24 Synonyms for “Willful Ignorance”

You want to describe a situation where someone has ignored something important, but finding another word for “willful ignorance” can be pretty tricky. Happily, we’re here to help!

We’ve compiled a list of formal and informal synonyms for this phrase below, so read on to learn more!

Willful Ignorance Synonyms

  • Deliberate disregard
  • Turn a blind eye
  • Look the other way
  • Willfully blind
  • Ignorance of law
  • Bad faith ignorance
  • Deliberate ignorance
  • Willful incompetence
  • Purposeful incomprehension
  • Willful lack of awareness
  • Deliberate stupidity
  • Willful idiocy
  • Intentional obliviousness
  • Intentional benightedness
  • Voluntary naivety
  • Calculated ignorance
  • Purposeful cluelessness
  • Bury your head in the sand
  • In denial
  • Cognitive bias
  • Willful neglect
  • Contrived ignorance
  • Conscious avoidance
  • Nelsonian knowledge


  • “Willful ignorance” is a formal phrase often used in the context of the law.
  • In professional settings, you can use “deliberate disregard” as a formal alternative.
  • In informal settings, you can say “turn a blind eye.”

Before you go! We’re about to discuss our favorite formal and informal synonyms for “willful ignorance” and provide some practical examples. So, keep reading, or you might miss out!

After that, we’ll talk about the correctness of the phrase “willful ignorance.” Is it a crime to be willfully ignorant?

Deliberate Disregard (Formal)

If you’re looking for a synonym for “willful ignorance” that you can use in a formal setting, we would recommend the phrase “deliberate disregard.”

Like “willful ignorance,” this phrase refers to a situation where you purposefully ignore or fail to take heed of something that you should pay attention to.

The phrase “willful ignorance” is still an effective term for this. Moreover, both can be used in formal circumstances. However, you can use this synonym when you want to mix up your language.

To see how this phrase might be used in a work scenario, consider the email example below:

Dear Cartman,

I acknowledge your argument that you were unaware of the rule against client harassment due to the fact that you never read the company code of conduct.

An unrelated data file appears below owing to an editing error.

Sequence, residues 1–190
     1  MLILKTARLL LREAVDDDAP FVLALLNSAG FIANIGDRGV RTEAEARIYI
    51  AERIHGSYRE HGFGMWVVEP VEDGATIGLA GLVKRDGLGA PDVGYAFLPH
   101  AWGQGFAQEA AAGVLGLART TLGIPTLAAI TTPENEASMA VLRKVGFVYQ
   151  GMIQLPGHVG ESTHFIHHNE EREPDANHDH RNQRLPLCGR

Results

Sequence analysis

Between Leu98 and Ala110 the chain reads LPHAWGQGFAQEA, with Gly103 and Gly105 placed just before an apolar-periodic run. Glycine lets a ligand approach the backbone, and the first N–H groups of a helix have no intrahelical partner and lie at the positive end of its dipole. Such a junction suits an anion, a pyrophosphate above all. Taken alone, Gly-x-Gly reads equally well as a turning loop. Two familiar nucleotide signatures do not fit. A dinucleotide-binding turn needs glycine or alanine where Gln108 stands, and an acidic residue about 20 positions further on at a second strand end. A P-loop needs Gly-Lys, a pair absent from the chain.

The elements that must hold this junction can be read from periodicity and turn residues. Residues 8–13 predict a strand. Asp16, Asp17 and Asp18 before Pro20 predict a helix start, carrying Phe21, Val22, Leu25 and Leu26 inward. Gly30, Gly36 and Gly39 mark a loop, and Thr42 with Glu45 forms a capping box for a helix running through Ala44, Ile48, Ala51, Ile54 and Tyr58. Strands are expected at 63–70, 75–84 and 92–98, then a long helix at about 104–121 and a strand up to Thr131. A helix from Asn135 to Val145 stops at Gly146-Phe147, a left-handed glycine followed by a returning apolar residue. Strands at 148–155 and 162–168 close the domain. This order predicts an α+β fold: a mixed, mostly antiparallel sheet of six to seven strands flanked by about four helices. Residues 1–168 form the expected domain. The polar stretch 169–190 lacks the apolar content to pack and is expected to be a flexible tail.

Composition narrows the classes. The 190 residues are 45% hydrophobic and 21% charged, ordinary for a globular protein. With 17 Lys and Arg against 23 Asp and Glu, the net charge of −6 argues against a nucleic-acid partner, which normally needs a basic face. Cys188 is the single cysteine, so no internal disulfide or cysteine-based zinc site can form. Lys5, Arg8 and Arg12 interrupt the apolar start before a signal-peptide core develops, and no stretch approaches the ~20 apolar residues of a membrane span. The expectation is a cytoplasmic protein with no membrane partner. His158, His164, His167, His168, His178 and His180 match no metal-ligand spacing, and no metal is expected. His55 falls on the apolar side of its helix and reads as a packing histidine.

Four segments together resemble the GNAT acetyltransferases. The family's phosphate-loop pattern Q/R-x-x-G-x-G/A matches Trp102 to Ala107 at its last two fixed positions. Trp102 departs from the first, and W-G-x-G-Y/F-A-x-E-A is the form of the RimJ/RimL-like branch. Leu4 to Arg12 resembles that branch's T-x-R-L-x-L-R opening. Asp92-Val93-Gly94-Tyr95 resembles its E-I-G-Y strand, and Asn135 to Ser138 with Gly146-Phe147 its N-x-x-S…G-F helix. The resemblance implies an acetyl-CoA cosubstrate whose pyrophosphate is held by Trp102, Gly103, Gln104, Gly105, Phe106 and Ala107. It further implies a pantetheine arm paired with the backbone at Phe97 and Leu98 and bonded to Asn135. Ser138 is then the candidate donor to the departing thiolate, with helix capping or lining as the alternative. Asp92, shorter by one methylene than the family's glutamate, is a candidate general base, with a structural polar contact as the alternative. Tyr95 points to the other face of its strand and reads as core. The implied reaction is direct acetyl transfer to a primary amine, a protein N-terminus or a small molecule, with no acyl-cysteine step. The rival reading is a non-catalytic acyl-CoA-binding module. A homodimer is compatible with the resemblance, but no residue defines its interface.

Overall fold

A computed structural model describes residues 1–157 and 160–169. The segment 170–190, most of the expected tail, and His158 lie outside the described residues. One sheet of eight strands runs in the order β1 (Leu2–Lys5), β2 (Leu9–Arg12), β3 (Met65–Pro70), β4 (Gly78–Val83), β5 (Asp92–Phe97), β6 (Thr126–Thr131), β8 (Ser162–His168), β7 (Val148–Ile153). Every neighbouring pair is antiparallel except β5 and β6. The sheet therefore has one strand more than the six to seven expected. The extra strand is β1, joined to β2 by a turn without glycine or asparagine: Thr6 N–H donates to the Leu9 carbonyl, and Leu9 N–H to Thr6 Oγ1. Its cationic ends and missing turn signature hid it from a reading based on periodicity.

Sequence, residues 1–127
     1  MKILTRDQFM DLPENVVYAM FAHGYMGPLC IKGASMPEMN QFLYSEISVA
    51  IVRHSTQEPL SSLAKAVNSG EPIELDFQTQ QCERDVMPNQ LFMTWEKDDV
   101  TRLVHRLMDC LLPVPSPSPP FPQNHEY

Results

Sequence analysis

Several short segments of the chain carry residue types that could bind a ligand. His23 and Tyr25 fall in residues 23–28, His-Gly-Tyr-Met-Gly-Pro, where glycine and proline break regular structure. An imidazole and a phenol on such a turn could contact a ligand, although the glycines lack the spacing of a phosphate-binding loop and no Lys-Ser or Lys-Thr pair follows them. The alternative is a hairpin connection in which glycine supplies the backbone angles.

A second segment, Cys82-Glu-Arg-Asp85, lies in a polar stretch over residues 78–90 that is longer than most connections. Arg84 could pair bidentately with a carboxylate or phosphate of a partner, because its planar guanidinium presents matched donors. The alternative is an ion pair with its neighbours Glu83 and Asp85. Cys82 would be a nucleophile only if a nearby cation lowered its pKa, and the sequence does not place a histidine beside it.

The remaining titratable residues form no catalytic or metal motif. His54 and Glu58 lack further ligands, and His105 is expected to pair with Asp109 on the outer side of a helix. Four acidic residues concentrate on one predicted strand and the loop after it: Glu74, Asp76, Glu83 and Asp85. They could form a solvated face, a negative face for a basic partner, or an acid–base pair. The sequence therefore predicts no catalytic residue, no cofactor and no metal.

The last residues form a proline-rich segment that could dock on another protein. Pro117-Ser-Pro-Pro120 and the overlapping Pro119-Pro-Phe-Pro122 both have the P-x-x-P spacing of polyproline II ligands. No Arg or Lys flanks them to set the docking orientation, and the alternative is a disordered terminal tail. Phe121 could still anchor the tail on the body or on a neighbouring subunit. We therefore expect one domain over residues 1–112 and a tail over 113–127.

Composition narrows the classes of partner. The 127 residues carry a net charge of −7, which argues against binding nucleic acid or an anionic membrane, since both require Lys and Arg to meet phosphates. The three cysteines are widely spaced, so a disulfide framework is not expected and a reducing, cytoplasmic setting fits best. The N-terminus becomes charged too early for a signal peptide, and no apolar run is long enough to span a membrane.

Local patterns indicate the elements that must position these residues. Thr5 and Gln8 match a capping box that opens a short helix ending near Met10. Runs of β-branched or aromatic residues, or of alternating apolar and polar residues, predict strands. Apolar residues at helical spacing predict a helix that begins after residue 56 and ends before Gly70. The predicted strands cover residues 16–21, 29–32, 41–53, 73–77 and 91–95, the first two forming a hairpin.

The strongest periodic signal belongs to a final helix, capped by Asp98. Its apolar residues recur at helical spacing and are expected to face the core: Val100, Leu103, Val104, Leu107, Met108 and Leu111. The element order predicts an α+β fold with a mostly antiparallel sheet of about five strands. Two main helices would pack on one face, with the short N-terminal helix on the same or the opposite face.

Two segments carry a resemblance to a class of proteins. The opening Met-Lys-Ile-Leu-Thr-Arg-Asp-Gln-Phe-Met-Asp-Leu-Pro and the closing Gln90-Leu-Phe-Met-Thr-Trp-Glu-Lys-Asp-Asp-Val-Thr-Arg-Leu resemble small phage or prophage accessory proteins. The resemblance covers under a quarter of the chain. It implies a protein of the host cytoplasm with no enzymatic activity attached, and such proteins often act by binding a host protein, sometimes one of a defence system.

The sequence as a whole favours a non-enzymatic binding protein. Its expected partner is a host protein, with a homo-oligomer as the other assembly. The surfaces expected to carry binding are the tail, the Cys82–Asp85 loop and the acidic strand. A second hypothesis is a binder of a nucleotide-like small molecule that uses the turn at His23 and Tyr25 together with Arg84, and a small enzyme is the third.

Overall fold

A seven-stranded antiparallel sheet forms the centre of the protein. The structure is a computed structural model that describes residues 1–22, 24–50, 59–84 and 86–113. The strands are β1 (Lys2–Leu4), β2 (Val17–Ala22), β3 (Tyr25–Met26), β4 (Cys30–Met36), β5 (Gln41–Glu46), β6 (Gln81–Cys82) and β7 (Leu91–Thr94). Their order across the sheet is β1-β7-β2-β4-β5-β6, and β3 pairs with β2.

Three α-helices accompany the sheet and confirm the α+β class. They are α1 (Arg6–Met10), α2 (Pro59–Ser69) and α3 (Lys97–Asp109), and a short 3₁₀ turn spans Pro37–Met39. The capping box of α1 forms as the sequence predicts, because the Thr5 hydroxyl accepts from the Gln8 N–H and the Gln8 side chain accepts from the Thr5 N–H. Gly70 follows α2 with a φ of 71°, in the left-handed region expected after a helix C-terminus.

However, I am afraid that our policies do not give leeway for a deliberate disregard of company rules. Our decision about your dismissal remains firm.

Thomas Heard

Turn a Blind Eye (Informal)

Another way of describing “willful ignorance” is to “turn a blind eye” to a situation.

It is not a better phrase than “willful ignorance,” but it is one that most people will be more familiar with. Therefore, it is a preferable informal alternative to the original phrase.

This is a more idiomatic expression that means to pretend to be unaware of or ignore something. Since this phrase is more idiomatic, it should be avoided in particularly formal situations.

However, you can still use this phrase in work situations. Although, we would avoid it when speaking to a superior!

For example, consider the following sentences:

As an office designed to protect the rights of the public, we cannot turn a blind eye to the blatant corruption taking place currently.

I’ll turn a blind eye to it this time, but don’t let it happen again.

Is It Correct to Say “Willful Ignorance”?

The phrase “willful ignorance” is correct. It is a rather formal phrase and may come across as rather stuffy in informal circumstances.

Therefore, you can use our list of synonyms if you’re looking for an informal alternative to this phrase. Likewise, you can use our list to find alternatives if this phrase starts to feel overused.

Essentially, “willful ignorance” is a term used mainly in law. It refers to the situation in which a person purposefully keeps themselves unaware of specific facts in order to avoid criminal liability.

Being willfully ignorant is neither a crime nor a sin. However, if you commit a crime, the courts in most countries will not accept ignorance of the law as a defense.

This is especially the case if you chose not to ask any questions when you were doing something that you knew might be legally dubious!

In conclusion, “willful ignorance” is a grammatically correct phrase that you can use in formal settings, particularly in the legal arena.

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